The G20 heads of state will give support on Sunday to the proposal to reform the international tax system. An agreement that has been meant to be historic, because it introduces two elements that break with the status quo of design known in the almost ten decades since it was designed. On the one hand, it breaks with the idea that the tax bases of global mega corporations can only be considered as national, to begin to redistribute a part (small, 25%) of the global super benefits above 10% profitability to target markets. Thus, the impossibility of taxing large operators is reversed that with the digitization of the economy and the media can operate from outside the territory, but maintaining a total absence of fiscal presence. The “trick” is that it is an agreement measured by what the House of Representatives will be able to accept, applying to less than 100 mega-corporations around the world and hardly generating additional income for developing countries. Oxfam has calculated, together with the consultancy Oxford Economics, that the 52 poorest countries on the planet will earn just a few crumbs, 0.002% of GDP in additional income, for some countries an additional 1 million euros.
The counterpart, on the other hand, is very high, because it obliges the signatory countries not to implement unilateral measures such as the “Google rate” as of October of this year. Spain along with 4 other countries (United Kingdom, Italy, Austria and France) have agreed on a transition plan with the United States that will lift trade sanctions in exchange for the withdrawal of this type of taxes on various digital services from now on to 2023. A severe limitation on national sovereignty that also leaves up in the air the proposal of the European Commission that aspired to propose a digital tax initiative (or “digital levy”) before the end of the year as a way to generate resources to provide own funds the community budget. The EC now has an elegant exercise of innovation and creativity to meet its objectives, something that has never been easy due to the rule that requires unanimity in making tax decisions in the European framework.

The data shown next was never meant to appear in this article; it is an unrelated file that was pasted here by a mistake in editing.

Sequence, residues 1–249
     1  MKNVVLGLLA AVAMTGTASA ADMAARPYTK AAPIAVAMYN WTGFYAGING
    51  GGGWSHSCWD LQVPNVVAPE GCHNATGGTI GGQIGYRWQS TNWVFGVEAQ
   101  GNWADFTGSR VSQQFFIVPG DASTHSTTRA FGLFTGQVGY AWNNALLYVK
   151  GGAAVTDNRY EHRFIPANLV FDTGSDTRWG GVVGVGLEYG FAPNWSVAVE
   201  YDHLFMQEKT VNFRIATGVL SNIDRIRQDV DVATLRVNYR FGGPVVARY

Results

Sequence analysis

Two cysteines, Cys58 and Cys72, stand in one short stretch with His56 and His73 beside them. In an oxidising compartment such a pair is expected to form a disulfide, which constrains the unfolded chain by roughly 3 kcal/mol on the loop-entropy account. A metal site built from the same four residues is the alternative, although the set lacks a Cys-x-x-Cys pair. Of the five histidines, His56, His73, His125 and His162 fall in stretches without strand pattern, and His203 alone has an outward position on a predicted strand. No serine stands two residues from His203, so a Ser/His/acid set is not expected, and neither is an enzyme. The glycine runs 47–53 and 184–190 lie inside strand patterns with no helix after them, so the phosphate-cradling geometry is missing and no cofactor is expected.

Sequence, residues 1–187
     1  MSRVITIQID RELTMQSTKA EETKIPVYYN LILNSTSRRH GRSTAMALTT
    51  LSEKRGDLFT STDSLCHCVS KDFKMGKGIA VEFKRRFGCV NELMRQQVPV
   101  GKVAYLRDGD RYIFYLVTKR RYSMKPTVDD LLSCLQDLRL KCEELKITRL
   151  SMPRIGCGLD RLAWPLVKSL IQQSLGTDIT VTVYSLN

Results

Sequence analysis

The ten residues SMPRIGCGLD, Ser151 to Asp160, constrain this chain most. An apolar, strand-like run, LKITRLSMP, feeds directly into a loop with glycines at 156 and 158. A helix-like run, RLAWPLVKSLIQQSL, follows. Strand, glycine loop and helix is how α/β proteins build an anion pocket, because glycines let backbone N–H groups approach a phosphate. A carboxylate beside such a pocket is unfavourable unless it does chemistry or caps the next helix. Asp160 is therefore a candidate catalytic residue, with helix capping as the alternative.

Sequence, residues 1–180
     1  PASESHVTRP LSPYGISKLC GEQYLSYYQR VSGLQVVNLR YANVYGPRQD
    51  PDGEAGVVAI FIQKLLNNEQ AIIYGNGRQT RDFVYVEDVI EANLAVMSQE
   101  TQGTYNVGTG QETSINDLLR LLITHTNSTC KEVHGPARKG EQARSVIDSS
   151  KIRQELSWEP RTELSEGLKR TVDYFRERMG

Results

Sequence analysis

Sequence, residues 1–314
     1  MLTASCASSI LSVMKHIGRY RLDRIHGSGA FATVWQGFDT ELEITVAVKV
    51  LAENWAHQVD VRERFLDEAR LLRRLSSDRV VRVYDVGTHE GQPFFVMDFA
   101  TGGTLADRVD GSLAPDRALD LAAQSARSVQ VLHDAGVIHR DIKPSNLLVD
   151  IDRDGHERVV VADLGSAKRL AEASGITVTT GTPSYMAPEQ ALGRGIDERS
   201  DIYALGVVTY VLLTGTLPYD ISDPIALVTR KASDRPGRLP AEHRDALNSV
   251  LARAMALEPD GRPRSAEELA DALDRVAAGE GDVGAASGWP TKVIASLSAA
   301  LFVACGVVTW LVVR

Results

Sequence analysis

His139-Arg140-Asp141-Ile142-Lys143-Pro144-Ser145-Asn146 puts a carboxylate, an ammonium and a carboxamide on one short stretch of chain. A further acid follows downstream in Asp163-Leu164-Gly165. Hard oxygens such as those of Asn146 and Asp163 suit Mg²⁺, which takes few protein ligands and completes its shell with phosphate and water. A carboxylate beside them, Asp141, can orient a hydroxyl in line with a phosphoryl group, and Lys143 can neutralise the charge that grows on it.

The second element is perhaps the one that has been talked about the most, the idea of setting a minimum of 15% in business taxation. Undoubtedly bad news for the most aggressive tax havens, those of 0% (there are still 13 territories on the planet with zero taxation in business taxation), but a concession from the rest of the countries to countries as fiscally aggressive as Ireland or Singapore. Because really, the low level of ambition reached here has been dictated by the interests of Ireland that threatened not to validate the OECD and G20 agreement and therefore also torpedo any possibility of future European consensus. Why is it not so historical in this dimension either? In fact, it is essentially unfair in its design. Two-thirds of what can potentially be raised by this global minimum will go to the rich countries, the G7 and the EU, because only the countries where the parent companies of the large corporations are will be able to activate that 15% minimum rate. If a large Spanish company has a subsidiary in Argentina but controlled from another subsidiary in Ireland to which it diverts a large part of its profits, only the Spanish AEAT may claim the difference between the effective rate paid in Ireland to equal it with 15%. For Argentina, there will be no direct benefit left, but fingers crossed hoping that in the future the Spanish company will not have any more incentives to continue using the Irish bridge.
According to the European Taxation Observatory directed by Gabriel Zucman, this global minimum of 15% could contribute 5.2 billion euros to Spain. It is not an additional 5,200 million euros, but income that we would stop losing because now, the weaknesses of the international frameworks make the controls ineffective to retain those tax bases.
But in reality, they can stay in much less. Another of the big holes in the agreement is the definition of the base on which this 15% minimum rate will be applied, allowing up to 10 years of transition period in which considerable exclusions can be applied in ad-hoc tax treatments that could leave 15% of global minimum reduced by 30% in net terms. In the words of the director of fiscal affairs of the EC, Benjamin Angel, 90% of the discussions of the European partners in the process have focused on amplifying as much as possible the possibility of applying these exclusions. In fact, Spain seems to be the country that could lose the most revenue in relative terms of the OECD countries
It has not escaped anyone that the tax treatment of large corporations, in their global operations, has been watering up until now and that the accelerated digitization of the economy has made it absolutely nonsense. Reaching an agreement was certainly an urgency in terms of even fiscal honesty if that could be considered. But this is not the agreement that after eight years of negotiations we should have reached. The one that Ireland and the United States have imposed. The one that the financial sector, which is left out, has managed to negotiate. Try and trick.